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Anti-government protesters break into Thai army compound

Thai anti-government protesters after they occupied the grounds of the Royal Thai Army Headquarters in Bangkok, Thailand, 29 November 2013.

About 1,500 anti-government protesters forced their way into the compound of Thailand’s army headquarters on Friday, the latest escalation in a city-wide demonstration seeking to topple Prime Minister Yingluck Shinawatra.

“We want to know which side the army stands on,” shouted one protester, as others broke through padlocked red iron gates in Bangkok’s historic quarter, waving Thai flags and blowing whistles.

In another district, about 1,000 people gathered outside the headquarters of Yingluck’s ruling party, shouting “Get out, get out”. Hours later, the protesters dispersed peacefully from both places.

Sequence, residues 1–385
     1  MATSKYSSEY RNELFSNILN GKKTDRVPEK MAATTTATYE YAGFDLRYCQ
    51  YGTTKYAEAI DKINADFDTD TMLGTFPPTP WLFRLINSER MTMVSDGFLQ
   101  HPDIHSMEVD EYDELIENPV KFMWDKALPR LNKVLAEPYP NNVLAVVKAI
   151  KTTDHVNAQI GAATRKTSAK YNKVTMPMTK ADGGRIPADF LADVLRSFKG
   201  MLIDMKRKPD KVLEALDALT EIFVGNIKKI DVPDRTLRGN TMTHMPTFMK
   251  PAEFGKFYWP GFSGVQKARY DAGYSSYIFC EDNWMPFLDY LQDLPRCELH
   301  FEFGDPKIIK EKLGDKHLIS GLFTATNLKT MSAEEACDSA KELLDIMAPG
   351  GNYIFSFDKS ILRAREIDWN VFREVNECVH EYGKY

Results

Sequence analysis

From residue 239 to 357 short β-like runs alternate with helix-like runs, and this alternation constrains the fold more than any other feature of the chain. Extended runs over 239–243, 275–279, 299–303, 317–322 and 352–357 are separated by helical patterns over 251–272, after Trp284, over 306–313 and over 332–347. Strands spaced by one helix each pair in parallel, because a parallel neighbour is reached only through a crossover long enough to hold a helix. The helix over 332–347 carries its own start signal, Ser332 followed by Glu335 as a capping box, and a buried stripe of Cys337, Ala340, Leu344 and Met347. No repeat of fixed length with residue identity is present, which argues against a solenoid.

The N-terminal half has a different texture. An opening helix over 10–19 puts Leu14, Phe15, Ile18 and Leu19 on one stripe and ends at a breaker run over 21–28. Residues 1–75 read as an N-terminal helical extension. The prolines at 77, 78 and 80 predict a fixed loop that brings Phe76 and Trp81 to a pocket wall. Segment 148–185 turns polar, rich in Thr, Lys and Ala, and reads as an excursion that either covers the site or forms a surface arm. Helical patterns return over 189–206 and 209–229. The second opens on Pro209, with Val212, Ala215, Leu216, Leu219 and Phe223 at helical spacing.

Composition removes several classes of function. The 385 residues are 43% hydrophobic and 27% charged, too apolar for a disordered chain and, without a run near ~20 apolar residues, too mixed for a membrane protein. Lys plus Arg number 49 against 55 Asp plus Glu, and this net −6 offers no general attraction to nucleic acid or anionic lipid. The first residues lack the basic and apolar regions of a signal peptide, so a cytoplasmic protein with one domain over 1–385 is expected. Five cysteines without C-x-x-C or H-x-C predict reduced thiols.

The invasion of army headquarters deepens a conflict broadly pitting the urban middle class against the mostly rural supporters of Yingluck and her brother Thaksin Shinawatra, a former prime minister who was ousted in a 2006 military coup and who remains central to Thailand’s eight years of on-off turmoil.

The protesters accuse Yingluck of abusing her party’s parliamentary majority to push through laws that strengthen the behind-the-scenes power of her self-exiled, billionaire brother. They have rejected her repeated calls for dialogue.

Although the army moved its main command centre to a military camp in Bangkok’s northern suburbs three days ago, the siege of its grounds by protesters is deeply symbolic and highlights the military’s pivotal role in a country that has seen 18 successful or attempted coups in the past 80 years.